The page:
Bag, a chameleon word
Words about words
M. MICHAEL BRADY
The word bag comes from the Old Norse baggi, meaning bag, bundle, or pack. In modern Norwegian, the word bag in bokmål and bagg in nynorsk share that heritage. Though the similarity of spellings suggests a direct connection, the linguistic journey of the word into the English and Norwegian of today is equivocal.
It’s not found elsewhere in the Germanic branch of the Indo-European languages. There may have been a French connection, via the Old French word bague, but there’s no verifiable connection via the Romance languages. Other derivations are equally unclear; the Gaelic word bag comes from English, as, apparently, do the modern Norwegian words bag and bagg.
In English, bag, then spelled bagge, first appeared in print in 1230, in Ancren Riwle, a Middle English prose treatise written for a community of three noblewomen and their servants at Tarrant Crawford, a small village at the end of the Tarrant River Valley in Dorset County, England. In that treatise and thereafter in medieval England, bag as a noun was the general term for a flexible container with an opening at its top, and as a verb describing the action of putting something in a bag. Other meanings followed, and the word became a versatile component of compound nouns and verbs.
By the early 18th century, the word had acquired transferred meanings. An English lawyer might use briefcases in two colors, a green one, called a green bag, to carry client papers, and a blue one, called a blue bag, to carry a wig and gown when appearing in court.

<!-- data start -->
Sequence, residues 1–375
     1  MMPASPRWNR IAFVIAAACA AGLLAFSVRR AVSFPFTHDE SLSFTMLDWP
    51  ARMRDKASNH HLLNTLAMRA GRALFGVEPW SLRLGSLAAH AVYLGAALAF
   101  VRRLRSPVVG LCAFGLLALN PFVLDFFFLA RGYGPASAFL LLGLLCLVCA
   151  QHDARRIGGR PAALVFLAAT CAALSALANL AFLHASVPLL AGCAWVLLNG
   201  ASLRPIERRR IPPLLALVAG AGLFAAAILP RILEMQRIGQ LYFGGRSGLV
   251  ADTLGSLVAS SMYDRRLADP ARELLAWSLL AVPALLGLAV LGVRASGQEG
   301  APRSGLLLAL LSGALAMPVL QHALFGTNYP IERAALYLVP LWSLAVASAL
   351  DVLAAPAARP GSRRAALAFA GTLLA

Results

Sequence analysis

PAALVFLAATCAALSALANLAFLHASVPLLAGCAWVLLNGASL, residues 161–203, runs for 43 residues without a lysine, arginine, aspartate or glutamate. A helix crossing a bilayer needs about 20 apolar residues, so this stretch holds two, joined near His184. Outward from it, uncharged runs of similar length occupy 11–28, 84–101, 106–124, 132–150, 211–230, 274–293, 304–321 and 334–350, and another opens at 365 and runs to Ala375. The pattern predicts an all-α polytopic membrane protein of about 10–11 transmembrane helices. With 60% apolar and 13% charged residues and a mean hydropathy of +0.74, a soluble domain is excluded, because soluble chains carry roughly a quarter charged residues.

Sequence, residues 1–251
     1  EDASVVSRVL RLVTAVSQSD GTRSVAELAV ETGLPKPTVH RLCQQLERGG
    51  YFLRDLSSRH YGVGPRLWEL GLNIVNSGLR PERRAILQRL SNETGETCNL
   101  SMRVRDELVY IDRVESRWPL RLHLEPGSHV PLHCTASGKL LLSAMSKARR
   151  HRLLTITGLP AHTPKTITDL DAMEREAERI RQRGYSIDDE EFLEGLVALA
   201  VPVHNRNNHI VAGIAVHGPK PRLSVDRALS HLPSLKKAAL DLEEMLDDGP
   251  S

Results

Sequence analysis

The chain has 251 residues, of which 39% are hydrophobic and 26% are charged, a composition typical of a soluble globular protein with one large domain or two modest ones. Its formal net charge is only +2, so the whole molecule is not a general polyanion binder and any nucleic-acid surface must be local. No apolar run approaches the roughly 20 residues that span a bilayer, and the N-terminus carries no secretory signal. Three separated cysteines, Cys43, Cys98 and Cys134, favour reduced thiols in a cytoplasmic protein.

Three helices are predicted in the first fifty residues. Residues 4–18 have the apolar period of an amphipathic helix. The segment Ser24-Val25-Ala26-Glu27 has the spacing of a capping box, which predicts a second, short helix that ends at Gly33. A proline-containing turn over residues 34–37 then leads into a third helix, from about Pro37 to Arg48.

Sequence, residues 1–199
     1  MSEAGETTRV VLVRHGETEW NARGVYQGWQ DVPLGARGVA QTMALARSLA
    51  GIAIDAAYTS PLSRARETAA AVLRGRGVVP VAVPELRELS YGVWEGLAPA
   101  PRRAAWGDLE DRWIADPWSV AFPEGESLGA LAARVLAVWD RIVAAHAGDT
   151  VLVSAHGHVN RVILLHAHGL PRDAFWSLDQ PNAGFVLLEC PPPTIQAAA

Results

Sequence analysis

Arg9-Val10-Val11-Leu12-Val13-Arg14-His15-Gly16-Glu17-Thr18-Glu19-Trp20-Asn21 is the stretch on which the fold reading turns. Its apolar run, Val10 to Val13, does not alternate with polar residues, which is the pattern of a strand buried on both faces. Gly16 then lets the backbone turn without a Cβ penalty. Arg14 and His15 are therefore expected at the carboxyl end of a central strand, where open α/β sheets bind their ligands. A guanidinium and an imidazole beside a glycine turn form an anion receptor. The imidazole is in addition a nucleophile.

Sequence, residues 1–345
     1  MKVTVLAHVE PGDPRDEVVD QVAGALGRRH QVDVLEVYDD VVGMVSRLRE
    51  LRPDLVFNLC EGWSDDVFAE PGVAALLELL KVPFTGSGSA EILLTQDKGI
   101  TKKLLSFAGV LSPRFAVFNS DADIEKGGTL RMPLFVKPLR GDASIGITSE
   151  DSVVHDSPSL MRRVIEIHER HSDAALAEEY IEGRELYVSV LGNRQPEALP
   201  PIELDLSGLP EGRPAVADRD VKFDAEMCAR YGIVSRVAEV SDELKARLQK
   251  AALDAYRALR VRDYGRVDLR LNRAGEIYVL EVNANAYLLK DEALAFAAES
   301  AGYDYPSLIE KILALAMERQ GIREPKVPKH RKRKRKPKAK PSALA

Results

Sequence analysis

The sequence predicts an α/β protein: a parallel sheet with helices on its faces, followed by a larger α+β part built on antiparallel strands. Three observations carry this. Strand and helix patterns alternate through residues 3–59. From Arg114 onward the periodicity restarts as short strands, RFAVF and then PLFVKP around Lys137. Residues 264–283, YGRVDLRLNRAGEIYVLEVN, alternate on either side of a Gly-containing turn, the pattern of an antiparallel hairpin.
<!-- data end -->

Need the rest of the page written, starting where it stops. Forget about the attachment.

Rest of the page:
In 1857, a meaning of bag entered the mainstream lingo in a big way. The Spirit of the Times, a weekly newspaper published from 1837 to 1861 in New York City, reported in its Feb. 28 issue that in baseball, the “first, second, and third bases shall be canvas bags, painted white, and filled with sand or saw-dust.” That led to a base being called a bag, an essential term in the lingo of baseball, which, in turn, was designated the American National Game by The New Yorker on the cover of its June 10, 1933, issue.
M. Michael Brady was born, raised, and educated as a scientist in the United States. After relocating to the Oslo area, he turned to writing and translating. In Norway, he is now classified as a bilingual dual national.
This article originally appeared in the Nov. 13, 2020, issue of The Norwegian American. To subscribe, visit SUBSCRIBE or call us at (206) 784-4617.